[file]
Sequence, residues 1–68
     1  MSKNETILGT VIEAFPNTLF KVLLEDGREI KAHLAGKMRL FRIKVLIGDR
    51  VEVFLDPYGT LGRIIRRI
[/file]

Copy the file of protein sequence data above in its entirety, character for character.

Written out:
Sequence, residues 1–68
     1  MSKNETILGT VIEAFPNTLF KVLLEDGREI KAHLAGKMRL FRIKVLIGDR
    51  VEVFLDPYGT LGRIIRRI